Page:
THE FRIDAY 56

Here comes our exciting Friday Meme from Storytime with Tonya.

Here’s’ how it works:

Rules:
* Grab the book nearest you. Right now.
* Turn to page 56.
* Find the fifth sentence.
* Post that sentence (plus one or two others if you like) along with these instructions on your blog or (if you do not have your own blog) in the comments section of this blog.
*Post a link along with your post back to this blog.
* Don’t dig for your favorite book, the coolest, the most intellectual. Use the CLOSEST.

HAPPY FRIDAY!

I have a short stack of books that sit on the shelves to the right of my computer station.  They move and shift from their places as they finally earn a spot on my week’s current reads.

Today I picked up a book by Joyce Carol Oates, called Man Crazy. It has been on my TBR piles, in various stages, for way too long!

It should move on up, don’t you think?

I’d erased him from my thoughts completely but here he is.

Momma doesn’t seem surprised, much.  Or impressed.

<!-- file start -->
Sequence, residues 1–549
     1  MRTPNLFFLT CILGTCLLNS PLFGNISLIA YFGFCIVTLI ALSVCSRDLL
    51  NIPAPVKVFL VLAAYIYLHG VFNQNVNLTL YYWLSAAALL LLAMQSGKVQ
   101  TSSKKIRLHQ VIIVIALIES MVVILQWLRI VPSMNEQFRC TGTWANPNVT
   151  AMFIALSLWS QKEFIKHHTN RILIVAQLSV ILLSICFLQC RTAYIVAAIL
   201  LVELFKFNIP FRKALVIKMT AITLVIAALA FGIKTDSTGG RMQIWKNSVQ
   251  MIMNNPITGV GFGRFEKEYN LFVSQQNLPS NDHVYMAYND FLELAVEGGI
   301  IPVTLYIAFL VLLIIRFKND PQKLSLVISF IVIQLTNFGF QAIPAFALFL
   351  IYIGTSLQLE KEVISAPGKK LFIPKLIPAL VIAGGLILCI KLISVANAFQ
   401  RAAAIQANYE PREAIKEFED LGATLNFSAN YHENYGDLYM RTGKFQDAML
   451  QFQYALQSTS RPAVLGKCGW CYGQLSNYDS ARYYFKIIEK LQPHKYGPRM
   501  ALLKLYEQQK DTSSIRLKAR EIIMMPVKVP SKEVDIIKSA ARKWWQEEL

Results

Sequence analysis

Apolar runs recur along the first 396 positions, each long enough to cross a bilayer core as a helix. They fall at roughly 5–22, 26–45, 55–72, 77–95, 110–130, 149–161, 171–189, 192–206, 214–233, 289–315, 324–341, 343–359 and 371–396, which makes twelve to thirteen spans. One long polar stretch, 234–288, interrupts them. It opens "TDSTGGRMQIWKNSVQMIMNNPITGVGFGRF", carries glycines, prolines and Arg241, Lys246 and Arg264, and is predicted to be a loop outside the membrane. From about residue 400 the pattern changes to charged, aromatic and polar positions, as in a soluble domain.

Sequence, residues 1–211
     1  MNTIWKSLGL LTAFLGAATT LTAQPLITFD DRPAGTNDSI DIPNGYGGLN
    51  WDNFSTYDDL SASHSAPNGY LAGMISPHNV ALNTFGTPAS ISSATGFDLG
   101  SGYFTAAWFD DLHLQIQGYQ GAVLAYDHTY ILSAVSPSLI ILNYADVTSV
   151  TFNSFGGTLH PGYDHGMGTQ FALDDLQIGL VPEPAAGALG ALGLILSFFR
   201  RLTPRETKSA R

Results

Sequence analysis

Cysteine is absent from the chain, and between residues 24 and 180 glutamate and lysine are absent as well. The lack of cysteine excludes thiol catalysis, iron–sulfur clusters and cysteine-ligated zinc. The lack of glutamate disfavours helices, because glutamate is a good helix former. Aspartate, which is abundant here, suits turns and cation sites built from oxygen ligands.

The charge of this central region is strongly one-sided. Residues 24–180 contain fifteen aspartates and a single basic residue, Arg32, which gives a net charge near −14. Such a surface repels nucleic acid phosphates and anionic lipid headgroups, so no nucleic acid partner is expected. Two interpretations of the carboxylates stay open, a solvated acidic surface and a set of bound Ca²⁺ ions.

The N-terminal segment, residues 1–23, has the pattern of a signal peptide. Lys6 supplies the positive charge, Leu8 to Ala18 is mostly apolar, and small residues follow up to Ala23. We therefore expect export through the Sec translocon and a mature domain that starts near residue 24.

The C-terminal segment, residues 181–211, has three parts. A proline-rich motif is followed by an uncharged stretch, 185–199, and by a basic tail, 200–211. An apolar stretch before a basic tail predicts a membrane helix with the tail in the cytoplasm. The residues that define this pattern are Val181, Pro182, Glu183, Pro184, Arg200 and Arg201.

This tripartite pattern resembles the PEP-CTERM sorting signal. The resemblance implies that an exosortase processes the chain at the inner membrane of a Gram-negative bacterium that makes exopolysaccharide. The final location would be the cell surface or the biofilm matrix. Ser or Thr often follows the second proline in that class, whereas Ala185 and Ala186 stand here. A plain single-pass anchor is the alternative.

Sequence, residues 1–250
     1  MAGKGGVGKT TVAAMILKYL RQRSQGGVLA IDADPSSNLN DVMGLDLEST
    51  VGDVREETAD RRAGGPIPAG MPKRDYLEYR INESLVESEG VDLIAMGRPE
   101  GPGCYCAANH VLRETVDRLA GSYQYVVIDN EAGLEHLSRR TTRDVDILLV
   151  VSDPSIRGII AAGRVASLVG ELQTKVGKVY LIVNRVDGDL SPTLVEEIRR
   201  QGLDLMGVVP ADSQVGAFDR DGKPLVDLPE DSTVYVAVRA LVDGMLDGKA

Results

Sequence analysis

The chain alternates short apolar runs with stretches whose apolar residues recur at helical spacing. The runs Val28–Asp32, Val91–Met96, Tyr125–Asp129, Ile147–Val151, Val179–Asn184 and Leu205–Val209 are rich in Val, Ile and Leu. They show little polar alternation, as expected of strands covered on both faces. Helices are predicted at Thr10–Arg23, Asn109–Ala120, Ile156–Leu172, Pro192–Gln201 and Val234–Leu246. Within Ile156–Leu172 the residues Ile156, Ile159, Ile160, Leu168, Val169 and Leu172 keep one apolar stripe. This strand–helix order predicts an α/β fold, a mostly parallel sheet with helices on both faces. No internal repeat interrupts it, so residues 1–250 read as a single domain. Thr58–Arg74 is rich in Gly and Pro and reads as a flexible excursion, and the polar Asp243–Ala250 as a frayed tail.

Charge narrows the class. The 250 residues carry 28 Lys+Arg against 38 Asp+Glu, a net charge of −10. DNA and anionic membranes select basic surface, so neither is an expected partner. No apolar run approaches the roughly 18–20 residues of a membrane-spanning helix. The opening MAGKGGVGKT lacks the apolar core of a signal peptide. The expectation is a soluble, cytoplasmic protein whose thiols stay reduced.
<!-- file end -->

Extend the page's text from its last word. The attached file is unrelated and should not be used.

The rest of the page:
Here’s an Amazon blurb:

Fresh from the triumph of We Were the Mulvaneys, Joyce Carol Oates continues her exploration of family love and possibilities of human redemption with this compelling story of how one young woman suffers profoundly in the pursuit of love, but manages to emerge safe and whole. Set in several towns on the Chatauqua River in upstate New York, Man Crazy tells the story of Ingrid Boone, who at age eight is taken into hiding by her beautiful young mother, Chloe. Sought by the men who have taunted Chloe, the authorities, and Ingrid’s loving but volatile father still haunted by memories of Vietnam, Ingrid and her mother fight to survive both together and apart. “Man crazy” is the label assigned to teenage Ingrid, whose desperate need to find a substitute for her father’s affection makes her easy prey for the charismatic leader of a violent cult. Eventually, the police surround the cult compound and a tense standoff erupts in bullets and flames. Ingrid escapes to rebuild her life, and Oates’ depiction of this severely damaged young woman’s slow but miraculous process of healing stands as one of the most brilliant portraits she has ever created. Oates’ gift for haunting imagery reaches new heights in this emotionally resonant work.

This will be published simultaneously with the Dutton release of a major new novel from Oates, My Heart Laid Bare. We Were the Mulvaneys was a national bestseller.

What unexpected treasures did you find this week?  I hope you’ll stop by and share.

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